Right after high school graduation, Mocki Serey was excited to attend Western as a freshman. With 20 cents in his wallet, Serey was depending on financial aid to help pay for the cost of attendance and housing.
That excitement turned to stress when he received a notification from the Student Business Office on the balance left on his account. Serey was fully dependent on financial aid since his family couldn’t help him.
He was on his own.
He worked relentlessly to pay off the balance. But he ended up leaving Western during his sophomore year when he was unsure of what he wanted to do in school. The expenses outweighed the reasons to continue.
June Fraser Thistle, Western's Residence Life office manager, noticed this concerning trend among students when she joined the Residence Life staff.
Thistle said students seemed to be leaving their residence halls in the middle of the night because of the costs of college, and she wanted to do something about it. This was the start of the Western Gap Scholarship.
In February 2017, Thistle attended the kick-off meeting for the 2017 Western Faculty and Staff Giving Campaign. She sat around a table brainstorming ideas to create a more robust culture of philanthropy on campus.
Early on in the meeting, Chairman David Hamiter, ATUS application specialist, mentioned that anyone can start a scholarship. That one phrase stuck around in Thistle’s mind for the rest of the day.
As the rest of the meeting unfolded, Thistle began to formulate a scholarship intended to retain students who are struggling financially.
Thistle worked with the Western Foundation and contacted potential donors to raise $2,000. That $2,000 started the Western Gap Scholarship to give students a second chance.
She decided on the scholarship name after realizing that some students have a gap in what they are given in financial aid and what they need to cover their cost of attendance.
According to a 2017 study by the Institute for Higher Education Policy, 70 percent of colleges are unaffordable for low to mid-income students unless they use student loans.
The study also reported that low-income students on average need to finance an amount equivalent to more than 100 percent of their family’s annual income to attend a four-year college. These students often have to support themselves by working. Because of these financial hurdles, they are less likely to finish pursuing a degree than their peers, according to the report.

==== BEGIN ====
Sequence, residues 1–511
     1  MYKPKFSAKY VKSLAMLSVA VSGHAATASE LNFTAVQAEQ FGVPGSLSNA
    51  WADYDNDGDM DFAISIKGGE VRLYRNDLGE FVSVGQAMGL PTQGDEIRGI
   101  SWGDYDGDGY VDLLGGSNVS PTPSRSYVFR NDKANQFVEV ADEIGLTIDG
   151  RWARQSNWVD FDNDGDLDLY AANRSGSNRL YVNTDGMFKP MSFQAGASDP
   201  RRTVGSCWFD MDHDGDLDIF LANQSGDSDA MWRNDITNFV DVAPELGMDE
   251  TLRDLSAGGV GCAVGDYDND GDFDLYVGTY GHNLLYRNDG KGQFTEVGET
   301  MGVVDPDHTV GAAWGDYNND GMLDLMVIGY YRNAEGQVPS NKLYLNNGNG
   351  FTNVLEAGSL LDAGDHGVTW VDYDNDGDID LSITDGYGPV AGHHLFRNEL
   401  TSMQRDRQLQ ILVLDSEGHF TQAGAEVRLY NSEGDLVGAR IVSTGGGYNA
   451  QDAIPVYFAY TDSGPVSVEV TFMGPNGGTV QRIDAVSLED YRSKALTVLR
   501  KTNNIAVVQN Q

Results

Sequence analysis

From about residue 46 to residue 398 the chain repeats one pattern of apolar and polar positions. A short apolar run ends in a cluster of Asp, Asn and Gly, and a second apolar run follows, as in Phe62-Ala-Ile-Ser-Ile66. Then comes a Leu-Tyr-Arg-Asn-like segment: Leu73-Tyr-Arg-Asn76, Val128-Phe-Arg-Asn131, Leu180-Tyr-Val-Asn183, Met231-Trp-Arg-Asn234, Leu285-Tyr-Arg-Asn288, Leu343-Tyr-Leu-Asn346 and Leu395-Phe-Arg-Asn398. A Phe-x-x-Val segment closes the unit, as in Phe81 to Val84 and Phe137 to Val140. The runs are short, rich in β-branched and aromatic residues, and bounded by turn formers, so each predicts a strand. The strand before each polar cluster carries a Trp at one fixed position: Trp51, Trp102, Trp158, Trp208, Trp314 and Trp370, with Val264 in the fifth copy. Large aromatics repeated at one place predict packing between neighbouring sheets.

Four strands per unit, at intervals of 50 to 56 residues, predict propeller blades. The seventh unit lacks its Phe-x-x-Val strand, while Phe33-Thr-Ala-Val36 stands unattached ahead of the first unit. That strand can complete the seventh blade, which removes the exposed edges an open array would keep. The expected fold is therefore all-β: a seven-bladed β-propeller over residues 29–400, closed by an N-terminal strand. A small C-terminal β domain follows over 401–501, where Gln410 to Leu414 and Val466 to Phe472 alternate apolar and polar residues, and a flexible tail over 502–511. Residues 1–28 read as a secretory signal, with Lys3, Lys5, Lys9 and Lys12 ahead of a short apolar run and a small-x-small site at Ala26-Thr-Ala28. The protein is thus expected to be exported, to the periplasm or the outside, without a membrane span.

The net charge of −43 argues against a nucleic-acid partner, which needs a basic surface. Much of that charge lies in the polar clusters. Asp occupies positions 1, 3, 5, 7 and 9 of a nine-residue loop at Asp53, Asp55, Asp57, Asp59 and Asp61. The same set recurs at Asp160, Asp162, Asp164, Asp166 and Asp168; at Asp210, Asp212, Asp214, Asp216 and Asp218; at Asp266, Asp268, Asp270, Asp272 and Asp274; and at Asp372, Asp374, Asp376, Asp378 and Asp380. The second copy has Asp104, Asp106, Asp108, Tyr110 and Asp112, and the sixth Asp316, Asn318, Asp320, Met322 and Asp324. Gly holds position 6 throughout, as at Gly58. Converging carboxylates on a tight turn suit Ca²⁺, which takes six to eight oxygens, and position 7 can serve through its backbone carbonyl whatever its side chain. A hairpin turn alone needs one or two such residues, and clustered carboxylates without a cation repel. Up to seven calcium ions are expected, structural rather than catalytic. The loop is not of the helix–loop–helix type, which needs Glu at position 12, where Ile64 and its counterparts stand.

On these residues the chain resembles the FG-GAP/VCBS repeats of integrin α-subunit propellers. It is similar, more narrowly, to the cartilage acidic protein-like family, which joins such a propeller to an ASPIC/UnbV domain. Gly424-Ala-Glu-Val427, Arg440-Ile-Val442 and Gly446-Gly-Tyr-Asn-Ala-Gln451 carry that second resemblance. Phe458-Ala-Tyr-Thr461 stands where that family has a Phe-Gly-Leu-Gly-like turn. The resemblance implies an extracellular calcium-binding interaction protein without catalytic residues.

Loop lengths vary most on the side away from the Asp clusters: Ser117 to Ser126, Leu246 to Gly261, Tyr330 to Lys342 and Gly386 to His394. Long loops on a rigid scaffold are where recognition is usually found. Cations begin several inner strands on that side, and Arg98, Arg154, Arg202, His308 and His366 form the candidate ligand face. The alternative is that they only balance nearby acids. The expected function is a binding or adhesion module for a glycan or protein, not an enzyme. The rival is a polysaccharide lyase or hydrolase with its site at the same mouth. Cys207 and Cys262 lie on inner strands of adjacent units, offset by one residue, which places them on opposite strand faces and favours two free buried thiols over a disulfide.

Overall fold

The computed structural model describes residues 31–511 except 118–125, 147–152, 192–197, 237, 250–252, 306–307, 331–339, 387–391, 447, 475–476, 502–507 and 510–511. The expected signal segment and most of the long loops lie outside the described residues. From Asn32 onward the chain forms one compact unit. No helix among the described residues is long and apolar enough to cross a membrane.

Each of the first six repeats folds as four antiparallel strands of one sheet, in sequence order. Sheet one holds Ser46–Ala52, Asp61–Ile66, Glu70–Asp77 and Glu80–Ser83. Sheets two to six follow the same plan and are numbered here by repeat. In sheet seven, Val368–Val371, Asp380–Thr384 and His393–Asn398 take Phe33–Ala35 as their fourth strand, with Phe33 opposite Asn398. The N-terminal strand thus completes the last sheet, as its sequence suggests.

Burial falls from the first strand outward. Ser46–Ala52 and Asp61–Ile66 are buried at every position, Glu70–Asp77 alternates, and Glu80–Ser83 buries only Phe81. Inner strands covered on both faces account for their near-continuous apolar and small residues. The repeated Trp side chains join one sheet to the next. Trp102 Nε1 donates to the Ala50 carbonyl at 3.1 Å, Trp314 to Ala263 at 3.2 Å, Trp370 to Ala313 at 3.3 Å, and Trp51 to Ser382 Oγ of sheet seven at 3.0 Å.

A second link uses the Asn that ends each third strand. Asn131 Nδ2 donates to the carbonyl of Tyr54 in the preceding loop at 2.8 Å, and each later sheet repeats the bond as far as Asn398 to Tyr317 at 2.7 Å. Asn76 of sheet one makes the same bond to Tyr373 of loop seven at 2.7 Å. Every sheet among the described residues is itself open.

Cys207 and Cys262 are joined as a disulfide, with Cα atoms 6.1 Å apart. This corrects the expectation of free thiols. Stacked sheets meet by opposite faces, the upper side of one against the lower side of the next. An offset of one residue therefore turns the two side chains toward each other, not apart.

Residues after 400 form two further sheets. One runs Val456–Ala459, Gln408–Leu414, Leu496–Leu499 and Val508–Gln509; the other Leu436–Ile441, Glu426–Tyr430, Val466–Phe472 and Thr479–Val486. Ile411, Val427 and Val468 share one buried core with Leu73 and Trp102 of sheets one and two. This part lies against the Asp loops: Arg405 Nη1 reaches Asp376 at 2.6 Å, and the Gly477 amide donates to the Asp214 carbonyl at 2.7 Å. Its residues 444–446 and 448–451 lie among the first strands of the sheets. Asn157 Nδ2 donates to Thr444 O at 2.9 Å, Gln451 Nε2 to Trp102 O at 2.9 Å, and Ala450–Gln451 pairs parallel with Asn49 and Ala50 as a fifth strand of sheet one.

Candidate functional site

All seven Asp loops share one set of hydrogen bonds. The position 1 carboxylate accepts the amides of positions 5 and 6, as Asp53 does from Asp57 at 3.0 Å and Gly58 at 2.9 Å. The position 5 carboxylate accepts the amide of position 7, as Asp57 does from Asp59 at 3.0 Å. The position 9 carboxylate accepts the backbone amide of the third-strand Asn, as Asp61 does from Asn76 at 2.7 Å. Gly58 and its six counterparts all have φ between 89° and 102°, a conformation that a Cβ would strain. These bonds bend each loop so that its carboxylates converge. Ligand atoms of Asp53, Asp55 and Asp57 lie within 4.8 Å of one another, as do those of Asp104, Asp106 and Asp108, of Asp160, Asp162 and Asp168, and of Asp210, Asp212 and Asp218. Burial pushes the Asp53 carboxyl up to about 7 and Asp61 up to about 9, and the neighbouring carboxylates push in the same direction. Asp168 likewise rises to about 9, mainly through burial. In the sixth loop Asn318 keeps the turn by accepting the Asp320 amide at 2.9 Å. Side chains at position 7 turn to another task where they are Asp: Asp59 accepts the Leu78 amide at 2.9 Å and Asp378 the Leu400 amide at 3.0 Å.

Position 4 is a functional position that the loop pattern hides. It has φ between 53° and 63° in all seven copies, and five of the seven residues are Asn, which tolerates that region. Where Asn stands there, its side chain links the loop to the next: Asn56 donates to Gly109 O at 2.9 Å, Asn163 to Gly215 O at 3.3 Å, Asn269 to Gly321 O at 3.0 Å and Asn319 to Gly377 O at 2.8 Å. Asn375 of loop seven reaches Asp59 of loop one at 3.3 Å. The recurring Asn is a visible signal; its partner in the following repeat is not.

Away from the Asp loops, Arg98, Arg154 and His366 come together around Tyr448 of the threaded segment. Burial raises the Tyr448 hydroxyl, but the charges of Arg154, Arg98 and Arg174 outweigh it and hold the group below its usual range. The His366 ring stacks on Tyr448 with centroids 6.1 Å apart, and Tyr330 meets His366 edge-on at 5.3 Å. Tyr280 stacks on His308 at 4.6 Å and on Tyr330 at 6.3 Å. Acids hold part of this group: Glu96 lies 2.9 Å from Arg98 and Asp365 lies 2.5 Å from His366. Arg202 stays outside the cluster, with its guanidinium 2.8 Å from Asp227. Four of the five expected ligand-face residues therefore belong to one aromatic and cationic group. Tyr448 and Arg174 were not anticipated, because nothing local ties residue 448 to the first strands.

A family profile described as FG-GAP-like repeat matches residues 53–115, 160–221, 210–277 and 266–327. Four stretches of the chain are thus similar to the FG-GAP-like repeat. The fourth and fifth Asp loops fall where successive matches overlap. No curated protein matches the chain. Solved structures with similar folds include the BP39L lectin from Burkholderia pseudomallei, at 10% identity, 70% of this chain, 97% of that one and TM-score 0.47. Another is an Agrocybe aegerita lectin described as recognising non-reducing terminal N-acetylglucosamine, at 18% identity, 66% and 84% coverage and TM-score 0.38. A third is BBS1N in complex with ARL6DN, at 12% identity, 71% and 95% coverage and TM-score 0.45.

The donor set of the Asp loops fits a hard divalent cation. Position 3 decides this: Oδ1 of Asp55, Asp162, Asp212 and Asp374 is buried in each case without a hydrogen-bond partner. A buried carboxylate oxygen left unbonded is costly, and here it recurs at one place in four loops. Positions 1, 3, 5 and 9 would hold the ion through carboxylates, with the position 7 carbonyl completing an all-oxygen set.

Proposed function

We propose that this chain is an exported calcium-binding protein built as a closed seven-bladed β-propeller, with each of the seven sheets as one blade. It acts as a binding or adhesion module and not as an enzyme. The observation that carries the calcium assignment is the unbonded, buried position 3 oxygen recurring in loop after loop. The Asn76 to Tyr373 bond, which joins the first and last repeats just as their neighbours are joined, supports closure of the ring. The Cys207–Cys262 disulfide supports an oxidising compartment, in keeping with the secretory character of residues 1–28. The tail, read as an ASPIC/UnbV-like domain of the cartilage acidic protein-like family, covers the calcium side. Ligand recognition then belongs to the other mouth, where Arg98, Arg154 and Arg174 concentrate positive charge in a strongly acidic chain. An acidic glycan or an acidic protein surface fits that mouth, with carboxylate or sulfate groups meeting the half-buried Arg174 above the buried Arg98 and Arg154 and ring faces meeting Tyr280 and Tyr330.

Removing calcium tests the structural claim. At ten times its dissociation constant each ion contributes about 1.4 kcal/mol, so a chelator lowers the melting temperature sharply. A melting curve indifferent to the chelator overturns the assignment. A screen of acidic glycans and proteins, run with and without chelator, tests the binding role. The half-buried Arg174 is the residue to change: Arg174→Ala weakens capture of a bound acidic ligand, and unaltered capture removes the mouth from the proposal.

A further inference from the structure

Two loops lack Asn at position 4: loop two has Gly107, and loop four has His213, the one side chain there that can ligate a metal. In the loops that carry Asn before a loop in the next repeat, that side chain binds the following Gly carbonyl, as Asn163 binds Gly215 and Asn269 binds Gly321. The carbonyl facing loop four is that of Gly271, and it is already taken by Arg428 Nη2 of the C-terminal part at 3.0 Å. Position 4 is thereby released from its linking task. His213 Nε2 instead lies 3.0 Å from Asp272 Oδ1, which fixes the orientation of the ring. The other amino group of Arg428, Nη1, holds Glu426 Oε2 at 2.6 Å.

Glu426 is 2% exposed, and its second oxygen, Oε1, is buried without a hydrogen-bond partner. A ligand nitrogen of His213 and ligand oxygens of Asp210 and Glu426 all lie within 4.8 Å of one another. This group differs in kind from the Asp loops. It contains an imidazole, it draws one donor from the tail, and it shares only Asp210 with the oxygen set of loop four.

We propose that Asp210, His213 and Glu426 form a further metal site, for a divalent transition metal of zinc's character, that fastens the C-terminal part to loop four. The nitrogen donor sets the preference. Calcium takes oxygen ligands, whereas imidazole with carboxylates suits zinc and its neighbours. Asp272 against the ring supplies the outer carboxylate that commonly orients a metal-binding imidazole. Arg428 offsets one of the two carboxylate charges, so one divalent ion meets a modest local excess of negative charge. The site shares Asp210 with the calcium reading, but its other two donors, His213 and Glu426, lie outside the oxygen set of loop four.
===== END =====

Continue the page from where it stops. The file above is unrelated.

During her 15 years at Western, Thistle has personally helped several students during times of struggle. Thistle said she’s taken students to the food bank and helped students move between homeless shelters, but it was time to do something bigger.
“You can’t keep worrying about everyone’s financial wellness and not act on it,” Thistle said.
When she first arrived at Western 15 years ago, her job involved collecting loans from former students in the Student Business Office.
“That really gave me a good insight into student debt and the struggles that some of our students that left before they graduated faced,” Thistle said. “How are they going to pay those loans back?”
The job caused her to look at student debt creatively to find ways to help students return to school and graduate, Thistle said.
She worked with a Western grant-funded program that reinstated struggling students who only had 20-30 credits left to graduate called “Destination Graduation.” Thistle was able to help students fight through financial struggles and loans so they could return to Western.
“You kind of leave with a bad taste in your mouth from any university when you only have 20 credits left to graduate and you had to leave,” Thistle said.
Western’s tuition costs for 2017 are currently at $6,249 for Washington residents and $20,760 for non-residents. This doesn’t include costs for fees, books, transportation, housing or meals.